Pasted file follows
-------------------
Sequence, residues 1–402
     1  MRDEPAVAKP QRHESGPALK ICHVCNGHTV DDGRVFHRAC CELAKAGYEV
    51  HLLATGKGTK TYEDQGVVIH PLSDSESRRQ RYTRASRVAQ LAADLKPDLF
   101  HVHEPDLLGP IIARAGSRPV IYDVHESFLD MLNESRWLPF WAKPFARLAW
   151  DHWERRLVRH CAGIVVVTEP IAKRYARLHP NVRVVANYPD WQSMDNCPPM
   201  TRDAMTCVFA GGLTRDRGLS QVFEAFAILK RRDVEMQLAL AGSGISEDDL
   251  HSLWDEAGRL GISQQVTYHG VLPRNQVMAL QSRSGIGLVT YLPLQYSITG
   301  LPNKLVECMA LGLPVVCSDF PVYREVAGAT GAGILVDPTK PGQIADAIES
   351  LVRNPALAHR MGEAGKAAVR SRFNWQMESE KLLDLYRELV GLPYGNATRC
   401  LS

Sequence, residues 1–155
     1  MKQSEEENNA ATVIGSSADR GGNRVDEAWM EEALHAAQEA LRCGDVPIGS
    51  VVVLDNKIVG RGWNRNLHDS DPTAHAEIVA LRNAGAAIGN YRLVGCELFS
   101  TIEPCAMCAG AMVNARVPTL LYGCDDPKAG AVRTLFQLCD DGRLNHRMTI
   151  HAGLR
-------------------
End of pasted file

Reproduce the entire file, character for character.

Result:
Sequence, residues 1–402
     1  MRDEPAVAKP QRHESGPALK ICHVCNGHTV DDGRVFHRAC CELAKAGYEV
    51  HLLATGKGTK TYEDQGVVIH PLSDSESRRQ RYTRASRVAQ LAADLKPDLF
   101  HVHEPDLLGP IIARAGSRPV IYDVHESFLD MLNESRWLPF WAKPFARLAW
   151  DHWERRLVRH CAGIVVVTEP IAKRYARLHP NVRVVANYPD WQSMDNCPPM
   201  TRDAMTCVFA GGLTRDRGLS QVFEAFAILK RRDVEMQLAL AGSGISEDDL
   251  HSLWDEAGRL GISQQVTYHG VLPRNQVMAL QSRSGIGLVT YLPLQYSITG
   301  LPNKLVECMA LGLPVVCSDF PVYREVAGAT GAGILVDPTK PGQIADAIES
   351  LVRNPALAHR MGEAGKAAVR SRFNWQMESE KLLDLYRELV GLPYGNATRC
   401  LS

Sequence, residues 1–155
     1  MKQSEEENNA ATVIGSSADR GGNRVDEAWM EEALHAAQEA LRCGDVPIGS
    51  VVVLDNKIVG RGWNRNLHDS DPTAHAEIVA LRNAGAAIGN YRLVGCELFS
   101  TIEPCAMCAG AMVNARVPTL LYGCDDPKAG AVRTLFQLCD DGRLNHRMTI
   151  HAGLR